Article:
Prospect makes the case for increasing homeworkers’ tax allowance


Prospect makes the case for increasing homeworkers’ tax allowance

Homeworkers should not be out of pocket because of increased energy costs, Prospect has told HMRC.


The union wrote to Revenue and Customs late last year calling for a rise in the utility allowance for homeworkers and for this to be linked directly to increases in energy costs in the future.

In her reply, Ruth Owen, HMRC’s director general for personal tax, acknowledged the importance of the allowable expenses for homeworkers but did not commit to an increase in the rate.

However Owen did say that Prospect’s comments would be taken into account when the revenue service next reviews the non-taxable limit.

The homeworkers’ tax allowance permits employers to pay employees working under a formal homeworking agreement up to £4 a week (or £18 a month) for the costs that they incur by working at home, without having to show receipts.

This includes costs that would normally be incurred by an employer ie heating, lighting and powering computers and other equipment. But the allowance is not mandatory and employers frequently pay less, while some refuse to pay at all.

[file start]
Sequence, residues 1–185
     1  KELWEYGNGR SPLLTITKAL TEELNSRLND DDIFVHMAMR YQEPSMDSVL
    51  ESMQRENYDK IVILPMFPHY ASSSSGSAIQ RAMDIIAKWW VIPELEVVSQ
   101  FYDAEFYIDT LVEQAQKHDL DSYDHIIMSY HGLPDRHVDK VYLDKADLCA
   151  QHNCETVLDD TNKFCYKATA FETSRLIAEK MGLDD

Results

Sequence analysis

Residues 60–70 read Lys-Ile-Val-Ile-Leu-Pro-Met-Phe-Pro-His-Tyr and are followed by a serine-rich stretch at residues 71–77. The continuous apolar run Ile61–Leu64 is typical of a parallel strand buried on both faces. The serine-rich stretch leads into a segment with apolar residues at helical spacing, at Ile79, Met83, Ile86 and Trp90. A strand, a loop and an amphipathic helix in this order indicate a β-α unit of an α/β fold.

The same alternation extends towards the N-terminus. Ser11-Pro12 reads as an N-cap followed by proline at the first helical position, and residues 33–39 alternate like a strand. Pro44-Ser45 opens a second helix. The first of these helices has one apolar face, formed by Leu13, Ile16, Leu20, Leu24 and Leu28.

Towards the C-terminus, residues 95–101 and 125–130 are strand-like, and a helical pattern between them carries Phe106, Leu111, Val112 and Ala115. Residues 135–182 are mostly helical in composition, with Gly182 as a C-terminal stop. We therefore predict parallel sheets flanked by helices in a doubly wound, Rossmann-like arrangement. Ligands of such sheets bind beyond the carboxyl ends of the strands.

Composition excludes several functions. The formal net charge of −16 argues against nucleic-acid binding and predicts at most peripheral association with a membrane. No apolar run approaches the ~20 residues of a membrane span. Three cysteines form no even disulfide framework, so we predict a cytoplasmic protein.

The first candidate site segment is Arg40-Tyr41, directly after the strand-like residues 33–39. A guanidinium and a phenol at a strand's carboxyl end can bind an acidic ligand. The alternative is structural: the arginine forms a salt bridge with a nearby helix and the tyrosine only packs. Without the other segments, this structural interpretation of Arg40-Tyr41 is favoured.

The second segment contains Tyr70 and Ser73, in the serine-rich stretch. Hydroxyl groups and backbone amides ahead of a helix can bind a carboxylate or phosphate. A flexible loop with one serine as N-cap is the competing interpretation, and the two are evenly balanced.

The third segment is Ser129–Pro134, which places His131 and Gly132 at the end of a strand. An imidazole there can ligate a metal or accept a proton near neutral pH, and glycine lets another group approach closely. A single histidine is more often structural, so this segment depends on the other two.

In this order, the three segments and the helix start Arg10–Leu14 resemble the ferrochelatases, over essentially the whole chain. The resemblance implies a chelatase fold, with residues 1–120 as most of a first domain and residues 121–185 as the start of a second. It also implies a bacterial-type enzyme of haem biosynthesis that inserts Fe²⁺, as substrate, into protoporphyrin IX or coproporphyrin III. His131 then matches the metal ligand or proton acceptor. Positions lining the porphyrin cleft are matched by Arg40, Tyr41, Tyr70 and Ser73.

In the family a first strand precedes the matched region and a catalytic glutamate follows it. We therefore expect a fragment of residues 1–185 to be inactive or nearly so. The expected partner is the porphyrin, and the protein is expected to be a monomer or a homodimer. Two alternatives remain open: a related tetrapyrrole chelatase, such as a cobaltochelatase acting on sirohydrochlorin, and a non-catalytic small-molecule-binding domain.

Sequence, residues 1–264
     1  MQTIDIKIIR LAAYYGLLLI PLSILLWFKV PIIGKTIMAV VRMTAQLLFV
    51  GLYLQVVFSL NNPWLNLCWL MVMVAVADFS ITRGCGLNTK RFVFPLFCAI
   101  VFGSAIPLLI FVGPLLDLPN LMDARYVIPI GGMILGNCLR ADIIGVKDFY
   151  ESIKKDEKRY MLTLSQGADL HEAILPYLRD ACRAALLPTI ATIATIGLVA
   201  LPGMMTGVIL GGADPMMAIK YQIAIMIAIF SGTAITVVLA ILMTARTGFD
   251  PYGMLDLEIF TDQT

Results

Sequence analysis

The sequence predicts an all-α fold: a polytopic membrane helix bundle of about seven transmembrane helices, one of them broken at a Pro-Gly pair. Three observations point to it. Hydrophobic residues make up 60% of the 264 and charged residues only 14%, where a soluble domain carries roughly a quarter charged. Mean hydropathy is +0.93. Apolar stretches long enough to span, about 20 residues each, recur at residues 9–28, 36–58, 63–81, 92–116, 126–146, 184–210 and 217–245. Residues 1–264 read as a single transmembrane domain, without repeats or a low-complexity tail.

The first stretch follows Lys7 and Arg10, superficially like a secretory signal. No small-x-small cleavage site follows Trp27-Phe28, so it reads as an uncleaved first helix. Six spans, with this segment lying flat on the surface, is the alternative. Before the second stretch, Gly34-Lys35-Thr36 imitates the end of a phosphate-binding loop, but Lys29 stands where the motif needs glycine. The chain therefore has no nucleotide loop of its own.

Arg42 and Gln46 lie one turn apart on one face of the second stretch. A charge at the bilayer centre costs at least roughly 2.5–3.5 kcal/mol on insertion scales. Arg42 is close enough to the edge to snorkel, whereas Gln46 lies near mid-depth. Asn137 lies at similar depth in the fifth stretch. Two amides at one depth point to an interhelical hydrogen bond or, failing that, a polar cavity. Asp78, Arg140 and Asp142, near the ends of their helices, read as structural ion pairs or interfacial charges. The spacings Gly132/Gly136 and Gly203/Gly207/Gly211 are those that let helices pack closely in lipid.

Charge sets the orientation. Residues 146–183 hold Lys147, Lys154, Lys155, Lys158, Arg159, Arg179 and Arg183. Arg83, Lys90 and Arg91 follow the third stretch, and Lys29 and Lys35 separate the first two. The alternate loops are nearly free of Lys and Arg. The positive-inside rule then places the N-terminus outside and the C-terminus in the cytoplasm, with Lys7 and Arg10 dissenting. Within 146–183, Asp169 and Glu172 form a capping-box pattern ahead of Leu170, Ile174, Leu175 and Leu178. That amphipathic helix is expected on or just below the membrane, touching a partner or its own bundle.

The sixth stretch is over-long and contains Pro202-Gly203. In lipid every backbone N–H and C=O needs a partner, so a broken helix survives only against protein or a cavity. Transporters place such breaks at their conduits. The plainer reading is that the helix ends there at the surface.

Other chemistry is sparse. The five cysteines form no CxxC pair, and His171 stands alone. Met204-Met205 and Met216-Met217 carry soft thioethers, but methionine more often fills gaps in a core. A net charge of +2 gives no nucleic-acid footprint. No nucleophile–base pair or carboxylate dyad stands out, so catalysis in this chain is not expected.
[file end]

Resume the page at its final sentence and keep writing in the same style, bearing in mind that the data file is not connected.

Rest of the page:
Prospect general secretary Mike Clancy wrote to HMRC after a motion from the environment, food and rural affairs branch was passed at the union’s 2014 national conference. The motion instructed the national executive committee to seek a substantial increase in the non-taxable allowance.

Prospect researchers indexed the growth in the allowance since 2003 and compared this to the growth in energy costs over the same period. This showed that the allowance, which was increased just twice in this period, lagged sharply behind the increase in energy costs.

Prospect calculated that raising the allowance from the start of each financial year in line with the increase in energy prices from the previous calendar year, would mean that it would still lag slightly behind the rise in energy prices, but the difference would be reduced and, in the years since 2011, small.

For 2015-16, the allowance would be £5.61, which is 40 per cent higher than it is now.

Prospect general secretary Mike Clancy said: “Using this method, we found that homeworkers have lost out by more than £500 since 2003 – assuming that employers had paid the maximum rate permitted by HMRC.

“The allowance is low enough as it is, and it is simply unfair to expect homeworkers to carry the burden of increased energy charges.”

Prospect supports an increase in the allowance to at least £5.50 a week, which works out to about £290 a year. This compares with the current allowance of about £215 a year.

“The allowance is a way of sharing part of the benefits that employers accrue from staff working at home. Increasing it would provide a clear signal that those gains should be shared more evenly.”

Owen pointed out that employers could apply to HMRC to use a higher rate of payment or reimburse an employee for the actual cost of energy used. However, under both these options, employees would have to keep proper records to justify the additional costs.